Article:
We won’t be fooled again – No on Measure R

It’s a scheme to put a mega-garage on the corner of Lincoln and Broadway, possibly with a new third lane of traffic on the quiet residential street. Definitely not in the interest of sustainability. The City thinks it can pull this move because most of the nearby residents are renters. … This renter says No! …

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City releases garage costs – No on R

If the City Council gets its way, Walnut Creek taxpayers will be on the hook for a $16 million garage that will tower 35 feet over Civic Park. … So much for any reasonable plan for preserving Civic Park. The only way to stop this monstrosity is to join me in voting No on Measure R. … The sprawling garage complex will take up three times the square footage of a new library, and ruin Civic Park for the next generation. … Note also that the City has yet to put these horrible details on its Web site, apparently content enough to let the Yes on R spin doctors mislead voters about the true impacts of passing a $21 million tax measure in the Nov. 8 special election. …

Parking Issues

Two interesting comments in this week’s Walnut Creek Journal: one on closing parts of downtown to traffic, and another urging the City Council to spend the money to underground parking in Civic Park. I agree with both (but say “no” to any multi-level parking structure in the park). …

Not Ready for Prime Time

A new article in the Times runs down the sides in the debate over a $21 million library bond. … I found the last few lines most interesting: “The city has asked architects to redesign the plan, after deciding not to take the house and lot owned by Julia Maxwell. … This means that some questions measure opponents are asking – such as how much the project will cost and how large the parking garage will be – are taking longer to answer. … ‘Much of this is what we’ll be looking at in the upcoming weeks and months,’ [architect] Gehrke said Wednesday, less than nine weeks from the Nov. 8 election.” … Ouch!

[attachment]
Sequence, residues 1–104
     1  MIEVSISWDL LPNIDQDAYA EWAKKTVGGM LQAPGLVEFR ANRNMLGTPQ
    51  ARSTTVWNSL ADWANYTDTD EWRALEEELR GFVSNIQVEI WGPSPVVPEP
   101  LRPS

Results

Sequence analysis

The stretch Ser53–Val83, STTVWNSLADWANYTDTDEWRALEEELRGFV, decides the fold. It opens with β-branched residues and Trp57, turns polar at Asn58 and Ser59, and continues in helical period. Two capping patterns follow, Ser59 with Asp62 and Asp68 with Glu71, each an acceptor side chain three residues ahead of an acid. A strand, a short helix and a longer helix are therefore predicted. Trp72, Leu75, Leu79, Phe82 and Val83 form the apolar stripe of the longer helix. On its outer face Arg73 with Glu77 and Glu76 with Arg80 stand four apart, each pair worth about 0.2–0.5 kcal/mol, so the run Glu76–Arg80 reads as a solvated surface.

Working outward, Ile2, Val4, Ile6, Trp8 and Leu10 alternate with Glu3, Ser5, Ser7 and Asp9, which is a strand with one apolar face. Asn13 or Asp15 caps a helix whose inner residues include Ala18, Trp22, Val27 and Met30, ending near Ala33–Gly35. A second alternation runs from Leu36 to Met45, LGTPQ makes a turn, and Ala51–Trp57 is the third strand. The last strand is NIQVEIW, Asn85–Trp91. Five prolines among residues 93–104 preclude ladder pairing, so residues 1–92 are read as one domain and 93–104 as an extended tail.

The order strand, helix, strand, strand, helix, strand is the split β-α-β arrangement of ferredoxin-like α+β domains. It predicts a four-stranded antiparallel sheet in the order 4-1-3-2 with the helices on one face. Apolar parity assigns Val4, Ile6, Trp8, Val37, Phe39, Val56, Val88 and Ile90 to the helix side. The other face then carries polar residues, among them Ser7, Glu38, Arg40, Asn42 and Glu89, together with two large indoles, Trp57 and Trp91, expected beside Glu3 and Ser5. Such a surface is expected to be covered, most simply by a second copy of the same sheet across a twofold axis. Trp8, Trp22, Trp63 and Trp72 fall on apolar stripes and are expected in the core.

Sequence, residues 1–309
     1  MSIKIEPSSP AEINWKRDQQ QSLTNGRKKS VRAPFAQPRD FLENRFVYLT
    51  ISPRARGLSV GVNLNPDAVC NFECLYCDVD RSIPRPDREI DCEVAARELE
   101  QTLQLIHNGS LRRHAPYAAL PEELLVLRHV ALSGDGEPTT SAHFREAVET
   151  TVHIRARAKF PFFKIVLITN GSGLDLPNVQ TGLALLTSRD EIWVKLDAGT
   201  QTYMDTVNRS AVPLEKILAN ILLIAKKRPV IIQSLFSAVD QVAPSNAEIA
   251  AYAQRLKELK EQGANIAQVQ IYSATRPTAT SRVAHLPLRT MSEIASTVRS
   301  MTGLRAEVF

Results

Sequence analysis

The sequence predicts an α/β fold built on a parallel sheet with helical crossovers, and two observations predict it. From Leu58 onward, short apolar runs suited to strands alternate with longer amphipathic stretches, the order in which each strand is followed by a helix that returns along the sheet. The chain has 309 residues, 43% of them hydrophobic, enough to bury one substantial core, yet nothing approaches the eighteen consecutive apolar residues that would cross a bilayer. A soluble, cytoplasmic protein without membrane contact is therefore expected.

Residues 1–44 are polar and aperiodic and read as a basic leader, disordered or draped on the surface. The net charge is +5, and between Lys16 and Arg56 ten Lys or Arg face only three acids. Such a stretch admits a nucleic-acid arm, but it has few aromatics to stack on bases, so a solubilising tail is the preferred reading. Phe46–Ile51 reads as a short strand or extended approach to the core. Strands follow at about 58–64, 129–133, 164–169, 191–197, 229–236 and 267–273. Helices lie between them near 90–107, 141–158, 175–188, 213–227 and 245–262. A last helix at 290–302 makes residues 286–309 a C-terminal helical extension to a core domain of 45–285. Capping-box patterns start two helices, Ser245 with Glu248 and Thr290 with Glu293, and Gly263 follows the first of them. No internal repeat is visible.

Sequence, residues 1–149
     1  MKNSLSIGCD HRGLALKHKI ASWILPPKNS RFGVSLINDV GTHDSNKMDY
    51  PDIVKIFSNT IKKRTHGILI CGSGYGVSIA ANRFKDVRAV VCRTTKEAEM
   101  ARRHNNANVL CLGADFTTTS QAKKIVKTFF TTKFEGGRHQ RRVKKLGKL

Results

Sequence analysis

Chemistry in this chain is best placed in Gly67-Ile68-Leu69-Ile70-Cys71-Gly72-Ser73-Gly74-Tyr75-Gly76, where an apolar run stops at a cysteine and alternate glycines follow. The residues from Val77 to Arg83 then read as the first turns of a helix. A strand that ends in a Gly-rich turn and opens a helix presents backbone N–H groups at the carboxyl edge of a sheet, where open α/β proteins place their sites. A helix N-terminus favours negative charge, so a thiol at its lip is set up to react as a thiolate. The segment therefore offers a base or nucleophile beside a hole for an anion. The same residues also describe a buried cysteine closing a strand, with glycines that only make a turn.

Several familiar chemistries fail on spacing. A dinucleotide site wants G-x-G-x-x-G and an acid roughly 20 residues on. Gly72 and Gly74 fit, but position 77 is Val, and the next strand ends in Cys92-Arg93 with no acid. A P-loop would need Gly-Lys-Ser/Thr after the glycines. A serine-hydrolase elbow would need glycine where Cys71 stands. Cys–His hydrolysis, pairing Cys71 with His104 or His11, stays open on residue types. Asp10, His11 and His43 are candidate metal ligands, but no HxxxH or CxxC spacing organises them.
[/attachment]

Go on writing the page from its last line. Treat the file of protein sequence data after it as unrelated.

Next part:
$21 Million Garage

There’s a lot of text in the new “Yes on R” mailer that hit voters’ mailboxes around town today. But not once did I see the words MONSTER GARAGE. That tells me there’s not much truth in advertising going on here. Sure, everybody agrees that the old library is outdated. But do we want to spend a total of around $60 million on a new library complex that ravages Civic Park, ruins traffic in the northern downtown and puts a polluting mega-garage on the creek bank? … That’s the debate, no getting around it. … The new mailer also quotes an anti-eminent domain editorial from the Contra Costa Times out of context, although I have little doubt the Times will come out with soft official support from this wasteful $21 million property tax hike. … Environmentalists and taxpayers alike are rightly concerned with the city’s fluid library proposal, since, after a purported 17 years of study, the City still has no final blueprint (let alone a report on einvornmental impacts) for what it will actually be building in our park. … And what does “no commercial retail space” mean? That’s one of the lines in this slick mailer, but I have no idea what it means other than that all the new retail space will go to nonprofits. Fooey! … But I have learned one thing for sure: somebody’s pumping a heck of a lot of money into Yes on R. … More on that soon. …

Dueling Campaign Web Sites

Both sides of the library debate are up with their own Web sites. … Let me humbly invite folks who want a free-wheeling debate on the merits (or lack thereof, as I usually see it) of the November bond measure to continue visiting SaveCivicPark.com. … Here’s my analysis of the two sites: The “Yes” side has the big-bucks design and the slick rhetoric. The “No” folks appear to be operating on a slim budget, but have the meatier arguments for their position. … The Council’s $21 million bond ($46 million by the time we pay it off) is set for a special November 8 election as Measure R. … Remember, vote early, vote often (And keep your registration up to date here). …

The "Special Meeting"

An attendee at this afternoon’s special Walnut Creek Council meeting fills us in with this deadline report: “Many people spoke saying the Council doesn’t listen to what the people want,” our correspondent reports. … Ed note: Wonder where they got that idea? … Councilwoman Rainey (far right) was most attentive to resident’s concerns, while Councilwoman Regalia (center) blamed through-trips by people from other towns for congestion problems. … About 20 people spoke, most critical of the Council and proposed General Plan. … “One woman spoke and said in the Journal 2 weeks ago there were 18 letters from residents, of which 17 were critical of the council over traffic problems and overly aggressive growth.” Mayor Gary Skrel (second from left) “responded by saying ‘Letters to the Journal don’t influence what we do.’ ” … Don’t feel bad Journal! They don’t listen to us either. … Our man on the scene says Rainey, Charlie Abrams (second from right) and Regalia offered support for capping growth at the same level as the last 12 years – 75,000 square feet per year. … Thanks, Man on the Scene! …